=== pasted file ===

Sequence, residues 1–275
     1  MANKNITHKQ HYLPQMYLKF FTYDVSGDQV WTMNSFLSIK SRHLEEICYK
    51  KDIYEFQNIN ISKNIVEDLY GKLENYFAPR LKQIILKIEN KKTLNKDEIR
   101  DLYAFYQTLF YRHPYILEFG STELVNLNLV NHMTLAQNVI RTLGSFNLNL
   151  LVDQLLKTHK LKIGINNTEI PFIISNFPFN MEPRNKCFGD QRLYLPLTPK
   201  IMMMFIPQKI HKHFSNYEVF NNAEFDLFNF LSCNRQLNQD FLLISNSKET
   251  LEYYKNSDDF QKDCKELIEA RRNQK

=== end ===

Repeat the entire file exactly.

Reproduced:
Sequence, residues 1–275
     1  MANKNITHKQ HYLPQMYLKF FTYDVSGDQV WTMNSFLSIK SRHLEEICYK
    51  KDIYEFQNIN ISKNIVEDLY GKLENYFAPR LKQIILKIEN KKTLNKDEIR
   101  DLYAFYQTLF YRHPYILEFG STELVNLNLV NHMTLAQNVI RTLGSFNLNL
   151  LVDQLLKTHK LKIGINNTEI PFIISNFPFN MEPRNKCFGD QRLYLPLTPK
   201  IMMMFIPQKI HKHFSNYEVF NNAEFDLFNF LSCNRQLNQD FLLISNSKET
   251  LEYYKNSDDF QKDCKELIEA RRNQK